Arbor Week And Tips From Pruning Workshop
Alamosa will celebrate Arbor Week, May 1 to May 7. The Tree Board and Department of Parks will plant 16 trees in seven City Parks and we would appreciate your help. Monday 11 am will find us at Diamond Park planting a Shade-Master Honeylocust and a Narrowleaf Cottonwood. Tuesday at 3:30 pm we’ll plant a Hackberry and Lanceleaf Cottonwood in Jardin Hermosa.
Four trees are slated for planting in the northern end of Cole Park on Wednesday at 11 am: 1 each Hackberry, Shade-Master Honeylocust, Lanceleaf Cottonwood, and Narrowleaf Cottonwood.
We also have trees for Zapata, Boyd, Olympian, and Friends Parks. The full schedule will be posted in the Valley Courier and online at AlamosaTrees.net. The city crew will deliver the trees, dig the holes, and provide mulch. We’ll plant the trees according to Colorado Tree Coalition standards and there will be handouts describing the trees.
Those of you who follow this column may recall the plan to beautify Sixth Street during Arbor Week. The project has grown and will include a winding sidewalk on the south side of Sixth between State and Ross Streets. Since it makes sense to install the sidewalk before planting the trees, the grant-funded planting has been postponed.
Pruning Workshop Tips: Vince Urbina, Colorado Forester, presented an informative, interactive, and enjoyable workshop last week. There’s already a waiting list for a possible pruning workshop next spring – maybe in Monte Vista. In this column I’ll highlight my favorite tips for pruning shade trees.
- 1. Prune safely. Urbina pruned from the ground during this workshop and limits himself to using his trusty 10-ft ladder at home in Grand Junction. For larger trees, he says to hire a professional.
- 2. Right now is a good time for structural pruning. Before trees leaf out, you can better see the tree structure. It’s fine to prune in the summer after trees are in full leaf, however.
- 3. Prune young trees only after they are established. Other than pruning deadwood or broken branches, Urbina says to prune once trees are established. A foot of so of new growth indicates a tree is established.
- 4. Branches within 8 ft of the ground are temporary. These branches help the tree get off to a good start but are typically pruned as the tree matures. Many cities have ordinances requiring trees to be trimmed 8 ft over sidewalks and 13 ½ feet over streets. Sadly, Alamosa still has no such ordinance. I believe such an ordinance is prudent for safety. Let me know what you think!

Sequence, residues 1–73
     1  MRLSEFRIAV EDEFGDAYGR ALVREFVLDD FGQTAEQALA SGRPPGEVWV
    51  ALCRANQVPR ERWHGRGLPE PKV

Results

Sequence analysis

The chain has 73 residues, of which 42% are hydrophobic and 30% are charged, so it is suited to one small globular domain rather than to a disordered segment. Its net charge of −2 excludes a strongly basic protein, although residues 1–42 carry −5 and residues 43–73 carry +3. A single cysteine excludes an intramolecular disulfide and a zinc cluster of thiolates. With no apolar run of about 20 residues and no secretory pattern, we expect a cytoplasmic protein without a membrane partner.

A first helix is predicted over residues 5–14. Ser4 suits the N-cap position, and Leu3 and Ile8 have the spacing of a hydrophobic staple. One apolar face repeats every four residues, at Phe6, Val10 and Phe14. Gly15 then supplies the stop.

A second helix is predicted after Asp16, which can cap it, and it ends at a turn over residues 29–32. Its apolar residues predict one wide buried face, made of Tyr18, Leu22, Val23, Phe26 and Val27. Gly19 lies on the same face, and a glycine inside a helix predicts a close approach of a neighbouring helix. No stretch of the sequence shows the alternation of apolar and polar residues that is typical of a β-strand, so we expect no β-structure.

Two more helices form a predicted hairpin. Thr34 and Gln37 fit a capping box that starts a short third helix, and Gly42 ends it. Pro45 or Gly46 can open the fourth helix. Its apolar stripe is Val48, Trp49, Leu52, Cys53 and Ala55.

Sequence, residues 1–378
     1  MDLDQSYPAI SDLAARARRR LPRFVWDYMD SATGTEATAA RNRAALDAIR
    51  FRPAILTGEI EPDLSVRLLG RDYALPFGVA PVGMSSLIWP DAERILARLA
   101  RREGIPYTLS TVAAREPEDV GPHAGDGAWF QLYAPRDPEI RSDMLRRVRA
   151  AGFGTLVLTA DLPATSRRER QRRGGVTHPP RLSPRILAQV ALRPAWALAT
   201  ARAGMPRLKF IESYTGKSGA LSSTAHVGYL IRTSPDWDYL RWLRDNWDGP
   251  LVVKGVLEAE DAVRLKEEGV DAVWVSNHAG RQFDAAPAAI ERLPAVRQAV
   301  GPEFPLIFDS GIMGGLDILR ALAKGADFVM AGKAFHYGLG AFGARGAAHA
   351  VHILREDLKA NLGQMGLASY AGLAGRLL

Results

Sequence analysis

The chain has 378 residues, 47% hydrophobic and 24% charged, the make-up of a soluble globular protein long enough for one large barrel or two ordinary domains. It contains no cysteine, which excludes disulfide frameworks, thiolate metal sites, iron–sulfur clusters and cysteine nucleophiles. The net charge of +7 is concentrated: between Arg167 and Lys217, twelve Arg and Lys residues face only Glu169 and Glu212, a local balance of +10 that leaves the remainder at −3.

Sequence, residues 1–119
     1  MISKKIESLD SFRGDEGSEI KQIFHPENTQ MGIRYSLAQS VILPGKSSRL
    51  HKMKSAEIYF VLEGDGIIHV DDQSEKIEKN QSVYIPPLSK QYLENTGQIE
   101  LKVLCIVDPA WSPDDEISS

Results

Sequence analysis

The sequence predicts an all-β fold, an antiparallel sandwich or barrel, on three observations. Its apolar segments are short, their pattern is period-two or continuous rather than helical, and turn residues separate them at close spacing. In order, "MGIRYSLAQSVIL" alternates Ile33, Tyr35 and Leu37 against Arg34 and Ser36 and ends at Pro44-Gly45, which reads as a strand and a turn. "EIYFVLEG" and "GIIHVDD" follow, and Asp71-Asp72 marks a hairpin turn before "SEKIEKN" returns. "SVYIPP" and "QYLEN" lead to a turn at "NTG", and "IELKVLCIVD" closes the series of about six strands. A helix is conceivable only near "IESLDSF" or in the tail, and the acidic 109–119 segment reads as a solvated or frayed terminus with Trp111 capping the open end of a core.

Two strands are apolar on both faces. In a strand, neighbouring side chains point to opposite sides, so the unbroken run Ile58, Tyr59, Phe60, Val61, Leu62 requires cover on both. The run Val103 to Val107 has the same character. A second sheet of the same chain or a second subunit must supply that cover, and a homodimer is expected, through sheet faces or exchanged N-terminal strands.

- 5. Establish a leader. Most shade trees do best with a single leader (crab apples and most locusts are exceptions). It’s a good idea to purchase a tree with a straight trunk whose top is higher than other branches. If your tree has codominate leaders, choose the most vigorous and remove the other.
- 6. NEVER, never, remove more than 25% of the tree canopy in one year. Removing more will undermine the trees vigor. As one participant said, “Once you get going, you want to cut more and more!” Urbina piles up trimmed branches near the tree so he can keep a critical eye on how much has been trimmed.
- 7. Use good quality pruning tools. Urbina uses by-pass pruners and a saw. By-pass pruners work like scissors having 2 cutting edges. He has only had two pair in his whole career – and he gave away the first pair. He keeps the blade sharpened using diamond-embedded stones which fit easily into a pocket. Anvil pruners are not recommended as they have one cutting edge and smash the branch against the opposing non-cutting side.
He uses a pruning saw – one of those that folds up. He also had a “silky saw” that doesn’t fold, but amazed people who tried it out. It made cutting a branch almost seem like cutting through butter.
- Remove water sprouts. Water sprouts are the weak branches that grow perpendicular to the ground. These are often the result of topping or over-pruning a tree. In the urban landscape this means more work in the future since the sprouts should come off. Urbina trims these in the summer.
- Pruning is tree maintenance. Set up a 5-10 year maintenance cycle. Often people wait until a tree is very large before pruning. This is generally harder on the tree and more costly to the owner. Selecting good healthy tree stock and properly maintaining in the early years of a tree’s life can significantly reduce middle age problems and expense.
Future columns will discuss more pruning information. Meanwhile check out the following websites. www.TreesAreGood.com/treecare, www.ext.colostate.edu, and www.coloradotrees.org.
“More Trees, Please!” Slogan on International Society of Arboriculture t-shirt.